After reading about the virtues of aniline dyes for years, I finally decided to take the plunge and try them out on a rustic grandmother clock that I inherited from my dad. The unfinished maple clock had been sitting in a barn for at least 25 years and over that time, the wood had darkened rather unevenly so a light “natural maple” finish wasn’t feasible. I realized some creative finish work was called for.
Conventional pigment-based oil stains have a tendency to produce blotches when applied to certain woods such as maple, pine, and cherry. I did indeed experience this when I tested out a red mahogany stain on the back of the clock. A gel stain fared somewhat better but the blotchiness was still noticeable. Plus, the gel stain was a bit of a pain to wipe off. That’s when I decided it was time to give aniline dyes a shot.
I ordered four different types of Transfast aniline dyes, made by Homestead Finishing Products. The dyes come in powder form in little one ounce vials that cost about $11 each. Although this seems (and indeed felt) pricey, each vial can make up to 2 quarts of dye so it’s actually less expensive than a conventional oil stain by about half.
My first task was to mix up small samples of each dye to get a feel for how each would look. I used a half teaspoon of dye powder with a 1/2 cup of water. The water was hot, per the manufacturer’s instructions, which allows the dye to dissolve better. After a thorough stirring and allowing the water to cool down a bit, each sample was applied to a small section of a test piece of maple using a foam sponge followed by a cotton rag to wipe off the excess. For some of the test sections, two coats were used.
Once the samples had dried, I was able to select a color that was closest to my target color. In this case, that color was Antique Cherry Brown. As noted in the instructions that came with the dye, the color of the powder is not indicative of the true color of the dye in solution. Attempting to choose a dye based solely on the color of the dye powder is asking for trouble. That was the first lesson learned.
Before applying the chosen dye to the clock, I first ran a damp sponge across the wood to raise the fibers. After waiting about 15 minutes for the water to dry, I sanded down the whiskers using 320 grit sandpaper and a nylon pad. It is important to do this step when working with water-based dyes in order to get a smooth final surface. Fortunately, the grain on maple doesn’t raise as much as other woods such as pine so it really take much effort or time.
Using a foam sponge, I applied the dye to the clock, waited about an hour for it to dry, and then applied a second coat. One thing I noticed right off the bat was that the dye really soaks into the wood. If you come back 5 minutes later to wipe off the excess on the surface, there really isn’t much to wipe. Certainly, much less than your average oil-based pigment oil stain. Note that if you wait this long, the dye will likely show lap marks. Best to keep the surface wet and wipe off before it dries. My other observation was that the color is much more uniform than that afforded by a pigment stain because the smaller dye particles penetrate evenly into the wood rather than unevenly collecting in certain areas such as the larger pores in the grain.
One of the tricky things about aniline dyes is that the color prior to applying the clear finish coat can look quite a bit different than the final color with the finish applied. Pre-finish, the dye will appear chalky or washed out and may even have a different color tint to it. This phenomena shows up quite clearly clearly in this photo of the floor clock taken outdoors – the wood almost resembles redwood. However, once the final urethane finish was applied, the wood takes on a decidedly browner cast, more like the antique cherry brown I was hoping for.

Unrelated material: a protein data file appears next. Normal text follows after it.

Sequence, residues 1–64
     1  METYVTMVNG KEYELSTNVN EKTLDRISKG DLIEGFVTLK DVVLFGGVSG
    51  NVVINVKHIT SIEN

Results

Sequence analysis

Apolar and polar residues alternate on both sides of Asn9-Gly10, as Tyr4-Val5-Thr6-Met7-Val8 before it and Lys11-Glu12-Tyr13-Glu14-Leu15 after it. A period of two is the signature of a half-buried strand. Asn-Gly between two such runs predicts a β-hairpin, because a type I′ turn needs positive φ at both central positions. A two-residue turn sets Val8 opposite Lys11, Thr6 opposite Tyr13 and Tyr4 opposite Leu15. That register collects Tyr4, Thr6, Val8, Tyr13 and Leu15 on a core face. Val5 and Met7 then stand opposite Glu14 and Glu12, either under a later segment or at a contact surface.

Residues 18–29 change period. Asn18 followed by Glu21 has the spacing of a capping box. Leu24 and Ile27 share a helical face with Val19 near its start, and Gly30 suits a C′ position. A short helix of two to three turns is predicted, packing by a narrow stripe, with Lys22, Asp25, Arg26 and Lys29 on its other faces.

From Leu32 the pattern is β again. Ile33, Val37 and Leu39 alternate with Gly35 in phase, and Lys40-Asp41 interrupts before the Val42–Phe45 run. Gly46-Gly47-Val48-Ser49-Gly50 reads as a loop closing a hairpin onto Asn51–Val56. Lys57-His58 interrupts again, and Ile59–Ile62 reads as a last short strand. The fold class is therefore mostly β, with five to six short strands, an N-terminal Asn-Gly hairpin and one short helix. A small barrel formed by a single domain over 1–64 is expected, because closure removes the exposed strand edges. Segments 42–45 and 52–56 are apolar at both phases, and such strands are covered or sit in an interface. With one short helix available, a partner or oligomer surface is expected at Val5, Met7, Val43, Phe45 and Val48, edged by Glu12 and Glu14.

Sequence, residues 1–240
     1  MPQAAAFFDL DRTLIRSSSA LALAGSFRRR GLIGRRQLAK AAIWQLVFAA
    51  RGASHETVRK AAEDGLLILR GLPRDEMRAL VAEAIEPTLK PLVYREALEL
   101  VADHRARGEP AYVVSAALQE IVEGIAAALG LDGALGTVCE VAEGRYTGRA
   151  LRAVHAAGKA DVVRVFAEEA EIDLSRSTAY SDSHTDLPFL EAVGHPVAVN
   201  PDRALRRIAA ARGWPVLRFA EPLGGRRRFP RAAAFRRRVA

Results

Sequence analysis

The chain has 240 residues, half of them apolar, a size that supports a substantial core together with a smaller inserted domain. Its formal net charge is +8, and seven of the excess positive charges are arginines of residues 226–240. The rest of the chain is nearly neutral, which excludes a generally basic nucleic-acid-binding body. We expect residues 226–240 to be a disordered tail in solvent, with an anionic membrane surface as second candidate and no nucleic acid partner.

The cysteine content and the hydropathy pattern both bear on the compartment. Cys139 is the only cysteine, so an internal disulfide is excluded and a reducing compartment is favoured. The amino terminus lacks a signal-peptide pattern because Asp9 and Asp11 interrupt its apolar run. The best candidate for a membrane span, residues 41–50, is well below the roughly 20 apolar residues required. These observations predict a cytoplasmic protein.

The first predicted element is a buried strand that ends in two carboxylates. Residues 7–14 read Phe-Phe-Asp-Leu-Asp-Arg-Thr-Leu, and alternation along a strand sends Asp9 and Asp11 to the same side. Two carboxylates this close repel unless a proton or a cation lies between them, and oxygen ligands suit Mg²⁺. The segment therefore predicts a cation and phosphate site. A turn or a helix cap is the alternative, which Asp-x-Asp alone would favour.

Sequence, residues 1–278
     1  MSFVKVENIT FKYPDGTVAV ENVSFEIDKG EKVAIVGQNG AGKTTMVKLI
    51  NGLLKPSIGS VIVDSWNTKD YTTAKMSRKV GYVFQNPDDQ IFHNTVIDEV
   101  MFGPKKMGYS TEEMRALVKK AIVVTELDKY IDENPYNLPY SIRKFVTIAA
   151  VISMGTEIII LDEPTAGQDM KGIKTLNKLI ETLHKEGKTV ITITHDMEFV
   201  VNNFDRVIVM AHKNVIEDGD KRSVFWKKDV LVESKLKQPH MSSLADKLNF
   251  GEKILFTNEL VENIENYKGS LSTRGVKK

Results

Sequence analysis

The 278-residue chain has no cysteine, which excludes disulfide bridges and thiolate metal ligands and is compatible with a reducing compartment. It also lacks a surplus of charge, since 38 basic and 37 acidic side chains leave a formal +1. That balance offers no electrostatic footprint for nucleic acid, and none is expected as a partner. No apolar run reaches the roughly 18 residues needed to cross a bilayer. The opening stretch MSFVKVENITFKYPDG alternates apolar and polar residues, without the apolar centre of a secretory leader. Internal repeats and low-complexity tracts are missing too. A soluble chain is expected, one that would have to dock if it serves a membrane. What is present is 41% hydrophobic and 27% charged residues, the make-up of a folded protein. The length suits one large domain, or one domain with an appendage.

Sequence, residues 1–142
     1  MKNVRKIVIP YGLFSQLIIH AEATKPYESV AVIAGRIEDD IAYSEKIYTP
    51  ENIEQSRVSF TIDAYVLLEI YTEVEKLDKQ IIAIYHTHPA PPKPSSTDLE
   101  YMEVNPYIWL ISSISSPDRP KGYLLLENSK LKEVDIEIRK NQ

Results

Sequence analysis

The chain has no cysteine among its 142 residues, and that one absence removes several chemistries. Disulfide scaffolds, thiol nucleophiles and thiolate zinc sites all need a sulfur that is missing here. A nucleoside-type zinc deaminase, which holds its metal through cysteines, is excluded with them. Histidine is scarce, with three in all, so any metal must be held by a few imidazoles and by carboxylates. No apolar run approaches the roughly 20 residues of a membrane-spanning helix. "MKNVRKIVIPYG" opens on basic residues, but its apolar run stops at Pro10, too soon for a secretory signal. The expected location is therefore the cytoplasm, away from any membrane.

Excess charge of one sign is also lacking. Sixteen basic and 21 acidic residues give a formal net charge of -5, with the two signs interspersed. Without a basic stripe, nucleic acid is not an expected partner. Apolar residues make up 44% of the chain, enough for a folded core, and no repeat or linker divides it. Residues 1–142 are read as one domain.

In some areas the color was a bit darker than planned, although this wasn’t really obvious until after the dye had dried. According to the instructions, if the color seems too dark, it can be lightened by wiping with water. Presumably, this can be done while the stain is being applied as well as after it has dried. Because the dye is water-soluble, a water-based clear finish could cause trouble due to the dye bleeding into the finish. One way to prevent this bleeding is to seal the dye with a seal coat of dewaxed shellac before applying clear finish. Or use an oil-based finish, which is what I did. After the clear finish coat was applied, I was quite pleased with the final result.
In summary, my first experience using water-soluble aniline dyes was a positive one and I definitely plan to use them again in the future. They offer several advantages over conventional oil-based pigment stains: far less fumes, more uniform grain penetration, fewer blotches, better bang for the buck, and longer shelf life. The biggest downsides are grain-raising and availability.
Aniline dyes are not available in most home improvement centers and paint stores. I checked the local Home Depot’s and Lowes and came up empty. You’re pretty much relegated to ordering them online. I ordered my dyes online from Rockler and it took about four days for them to arrive. A little bit of patience is needed. Also, it’s a good idea to purchase several colors to increase the odds of finding one you like. There are online color charts which are certainly helpful, but they’re no substitute for doing your own wood-specific tests. At $10+ each, figure on spending $30-$50 to get a starter collection of dyes that “bracket” your desired color choice. The good news is the dyes have an indefinite shelf life in dry powder form so they should last for many years.